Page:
“We convert all the garbage into a homogenous, consistent material that is a raw material for the plastic industry to make their products. UBQ sells plastic pellets to plastic manufacturers around the world to make climate-positive, sustainable, bio-based, circular end-products. One of the incredible features of UBQ compared to any other thermoplastic material available on the planet is that our life-cycle assessment shows that for every tonne of UBQ you use, you’re saving the planet close to twelve tonnes of CO2 equivalent, whereas conventional plastics cost a lot to the environment.”
UBQ is also competitive in the market, as consumers don’t have to pay “a penny more” for UBQ products. “Our process is highly efficient, we don’t need to use any water because waste comes with a lot of moisture. We are using 1/10 of the energy spent to create 1 tonne of plastics for 1 tonne of UBQ, and we are creating a bio-based composite that is highly efficient to use in existing manufacturing industries.” The next stage for UBQ is to open more factories around the world, starting with an upcoming project in the Netherlands that will have a 70,000 metric tons UBQ production capacity. A very promising company showing us a very promising future. If you are starting in this industry and you want to compete with the big names out there, visit Andrew Defrancesco to give your business a boost.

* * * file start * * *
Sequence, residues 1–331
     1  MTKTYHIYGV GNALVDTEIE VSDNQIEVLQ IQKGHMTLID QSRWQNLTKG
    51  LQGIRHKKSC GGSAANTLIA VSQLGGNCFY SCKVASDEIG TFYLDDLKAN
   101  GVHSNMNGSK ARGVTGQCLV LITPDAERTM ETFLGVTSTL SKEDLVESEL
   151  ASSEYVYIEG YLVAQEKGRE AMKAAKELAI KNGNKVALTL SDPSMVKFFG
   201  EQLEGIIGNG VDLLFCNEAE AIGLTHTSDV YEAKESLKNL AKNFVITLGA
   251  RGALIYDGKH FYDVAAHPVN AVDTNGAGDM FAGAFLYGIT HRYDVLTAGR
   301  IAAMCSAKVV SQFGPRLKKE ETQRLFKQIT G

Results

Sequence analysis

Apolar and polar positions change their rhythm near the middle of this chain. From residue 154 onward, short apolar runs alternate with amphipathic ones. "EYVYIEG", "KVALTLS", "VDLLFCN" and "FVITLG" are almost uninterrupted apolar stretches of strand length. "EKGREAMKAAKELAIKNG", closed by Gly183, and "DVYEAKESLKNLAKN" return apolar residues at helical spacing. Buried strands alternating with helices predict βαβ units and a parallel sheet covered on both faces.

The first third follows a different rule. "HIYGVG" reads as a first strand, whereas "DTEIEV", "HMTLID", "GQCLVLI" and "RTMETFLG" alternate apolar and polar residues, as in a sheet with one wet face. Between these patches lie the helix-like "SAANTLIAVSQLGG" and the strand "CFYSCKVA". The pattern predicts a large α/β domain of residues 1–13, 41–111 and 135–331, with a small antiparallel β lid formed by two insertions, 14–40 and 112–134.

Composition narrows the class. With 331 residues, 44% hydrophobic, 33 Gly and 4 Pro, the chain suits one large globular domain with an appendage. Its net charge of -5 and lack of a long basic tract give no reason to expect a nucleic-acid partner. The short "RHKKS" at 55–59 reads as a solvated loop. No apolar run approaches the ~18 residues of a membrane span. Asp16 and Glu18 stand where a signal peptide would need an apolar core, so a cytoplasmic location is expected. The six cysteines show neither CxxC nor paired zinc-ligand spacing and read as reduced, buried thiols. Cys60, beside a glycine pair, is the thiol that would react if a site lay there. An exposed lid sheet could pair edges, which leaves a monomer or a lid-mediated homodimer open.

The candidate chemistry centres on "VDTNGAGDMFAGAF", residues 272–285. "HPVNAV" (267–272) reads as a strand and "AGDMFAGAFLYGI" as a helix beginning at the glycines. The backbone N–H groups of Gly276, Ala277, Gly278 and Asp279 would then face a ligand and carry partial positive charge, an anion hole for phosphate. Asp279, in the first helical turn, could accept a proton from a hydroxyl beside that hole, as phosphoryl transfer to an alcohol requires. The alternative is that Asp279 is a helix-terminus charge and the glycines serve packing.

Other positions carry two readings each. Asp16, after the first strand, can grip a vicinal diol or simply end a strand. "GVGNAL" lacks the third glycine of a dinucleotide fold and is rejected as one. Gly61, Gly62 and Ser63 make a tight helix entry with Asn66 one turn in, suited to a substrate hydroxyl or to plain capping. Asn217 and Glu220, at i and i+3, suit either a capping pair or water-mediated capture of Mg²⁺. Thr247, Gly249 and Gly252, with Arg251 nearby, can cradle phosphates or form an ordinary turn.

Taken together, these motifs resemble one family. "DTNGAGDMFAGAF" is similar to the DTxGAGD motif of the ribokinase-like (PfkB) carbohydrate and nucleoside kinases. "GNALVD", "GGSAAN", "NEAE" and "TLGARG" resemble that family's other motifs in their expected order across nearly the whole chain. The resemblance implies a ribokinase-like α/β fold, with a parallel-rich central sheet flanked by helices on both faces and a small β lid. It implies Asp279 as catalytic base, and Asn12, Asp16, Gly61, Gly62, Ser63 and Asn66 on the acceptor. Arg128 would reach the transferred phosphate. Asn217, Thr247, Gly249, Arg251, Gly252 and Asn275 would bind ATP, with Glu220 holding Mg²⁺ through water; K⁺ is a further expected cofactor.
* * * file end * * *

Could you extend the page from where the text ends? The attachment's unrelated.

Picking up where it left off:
From the sustainability movement in the German textile industry, Kanar welcomed Thimo Schwenzfeier, Show Director of Neonyt. Part of Messe Frankfurt, Neonyt is a business and communication platform for fashion, sustainability, and innovation – reacting to the transformation of the industry by offering a place where professionals can meet and engage in valuable dialogue.
Their work happens on three levels: business, education, and community. On the business side, they focus on the organization of sustainable fashion B2B trade fairs, and on the educational side, they hold conferences like Fashion Sustain, which bring together high-profile experts and an audience of very interested professionals to discuss the changes and problems the textile and fashion industry is facing. In his talk, Thimo pointed out the role of trade fairs in setting the pace in the industry. “The right people, the right encounters, at the right place – this is the basis on which we design our events, and this is why trade fairs are such an important part of the industry.”